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50 Years After the Father’s Farewell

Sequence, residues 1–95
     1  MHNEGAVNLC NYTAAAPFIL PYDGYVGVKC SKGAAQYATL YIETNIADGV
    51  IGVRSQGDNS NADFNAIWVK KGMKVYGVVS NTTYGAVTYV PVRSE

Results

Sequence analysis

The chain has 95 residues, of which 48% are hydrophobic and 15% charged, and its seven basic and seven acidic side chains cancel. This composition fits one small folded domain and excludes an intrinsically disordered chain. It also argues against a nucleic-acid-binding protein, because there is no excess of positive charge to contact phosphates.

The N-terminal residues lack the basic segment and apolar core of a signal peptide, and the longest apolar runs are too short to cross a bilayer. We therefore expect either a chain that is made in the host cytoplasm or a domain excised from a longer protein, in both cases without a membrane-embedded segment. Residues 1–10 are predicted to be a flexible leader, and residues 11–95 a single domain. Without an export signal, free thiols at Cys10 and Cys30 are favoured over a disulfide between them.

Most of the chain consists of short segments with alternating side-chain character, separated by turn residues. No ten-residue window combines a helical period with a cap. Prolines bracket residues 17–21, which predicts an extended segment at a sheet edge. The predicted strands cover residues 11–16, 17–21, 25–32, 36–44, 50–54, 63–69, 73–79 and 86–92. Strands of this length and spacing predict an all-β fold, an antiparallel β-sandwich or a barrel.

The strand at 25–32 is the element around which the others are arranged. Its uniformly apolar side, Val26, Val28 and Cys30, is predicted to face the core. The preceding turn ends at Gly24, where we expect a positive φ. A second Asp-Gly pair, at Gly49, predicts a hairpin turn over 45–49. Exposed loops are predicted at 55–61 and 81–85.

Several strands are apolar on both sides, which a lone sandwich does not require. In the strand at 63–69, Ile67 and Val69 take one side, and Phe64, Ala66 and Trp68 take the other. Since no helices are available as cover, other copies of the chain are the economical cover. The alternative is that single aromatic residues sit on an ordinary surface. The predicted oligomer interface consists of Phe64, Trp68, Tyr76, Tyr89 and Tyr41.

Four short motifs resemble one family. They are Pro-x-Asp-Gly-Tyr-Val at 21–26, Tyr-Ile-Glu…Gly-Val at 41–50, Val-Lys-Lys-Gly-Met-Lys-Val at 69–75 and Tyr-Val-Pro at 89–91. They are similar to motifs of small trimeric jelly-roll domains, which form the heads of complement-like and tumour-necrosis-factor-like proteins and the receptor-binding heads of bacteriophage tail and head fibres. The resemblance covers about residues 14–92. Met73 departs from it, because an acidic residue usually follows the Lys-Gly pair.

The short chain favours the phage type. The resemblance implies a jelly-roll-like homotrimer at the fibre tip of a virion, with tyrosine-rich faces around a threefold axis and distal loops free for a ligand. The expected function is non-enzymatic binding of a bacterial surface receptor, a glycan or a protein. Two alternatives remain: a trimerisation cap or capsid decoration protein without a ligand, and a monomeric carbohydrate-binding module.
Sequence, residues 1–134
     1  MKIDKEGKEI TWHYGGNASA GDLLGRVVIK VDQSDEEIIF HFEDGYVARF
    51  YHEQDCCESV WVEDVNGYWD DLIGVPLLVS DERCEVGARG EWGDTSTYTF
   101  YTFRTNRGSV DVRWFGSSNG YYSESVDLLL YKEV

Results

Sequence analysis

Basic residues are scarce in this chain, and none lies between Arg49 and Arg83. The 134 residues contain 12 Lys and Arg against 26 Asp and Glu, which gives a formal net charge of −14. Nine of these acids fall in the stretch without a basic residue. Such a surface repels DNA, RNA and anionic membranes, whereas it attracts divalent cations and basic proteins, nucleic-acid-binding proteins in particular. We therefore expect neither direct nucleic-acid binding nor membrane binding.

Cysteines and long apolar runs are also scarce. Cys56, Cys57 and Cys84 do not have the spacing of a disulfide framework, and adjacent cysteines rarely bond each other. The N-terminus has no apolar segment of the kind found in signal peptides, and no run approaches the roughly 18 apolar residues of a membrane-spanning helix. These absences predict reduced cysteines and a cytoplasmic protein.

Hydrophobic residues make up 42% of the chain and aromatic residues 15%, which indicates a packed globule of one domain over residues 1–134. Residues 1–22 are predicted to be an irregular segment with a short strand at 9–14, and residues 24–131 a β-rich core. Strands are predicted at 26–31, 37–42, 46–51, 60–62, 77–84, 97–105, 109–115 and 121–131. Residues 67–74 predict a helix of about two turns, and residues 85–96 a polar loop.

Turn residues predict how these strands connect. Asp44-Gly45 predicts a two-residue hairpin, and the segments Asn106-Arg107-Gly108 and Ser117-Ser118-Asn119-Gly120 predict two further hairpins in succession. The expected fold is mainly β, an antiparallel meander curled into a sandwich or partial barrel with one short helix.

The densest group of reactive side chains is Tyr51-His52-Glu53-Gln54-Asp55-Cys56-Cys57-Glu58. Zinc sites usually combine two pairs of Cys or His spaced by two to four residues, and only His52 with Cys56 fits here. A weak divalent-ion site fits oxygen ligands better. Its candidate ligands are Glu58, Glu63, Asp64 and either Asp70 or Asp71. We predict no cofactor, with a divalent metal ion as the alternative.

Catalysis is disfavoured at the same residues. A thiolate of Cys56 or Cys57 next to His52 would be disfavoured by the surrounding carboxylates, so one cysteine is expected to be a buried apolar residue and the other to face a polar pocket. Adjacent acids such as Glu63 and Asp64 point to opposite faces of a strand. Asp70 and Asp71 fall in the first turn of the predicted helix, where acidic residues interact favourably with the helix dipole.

This September marks the fiftieth anniversary of J. R. R. Tolkien’s voyage to the Blessed Realm. Husband, father, scholar, author, artist—a myriad of titles could not do justice to the man behind the mythology of Middle-earth. However, there is another paternal title some have endeared to the professor: “Father of Fantasy”. Years before the publication of The Lord of the Rings, Tolkien delivered an Andrew Lang Lecture at the University of St. Andrews in Scotland. He considered his subject, fairy-stories, “one of the highest forms of literature”. The collected manuscripts of his lecture from March 8, 1938, would later appear as the expanded essay, “On Fairy-stories”, which Tolkien believed to be “quite an important work, at least for anyone who thinks me worth considering at all”. But what do readers consider most important in his essay? Many who read the essay reduce it to Tolkien’s work in philology and ignore the genius of his philosophy. Tolkien knew fairy-stories could enchant, delight, and express truth. He was also keenly aware of their noblest ability: conveying Truth.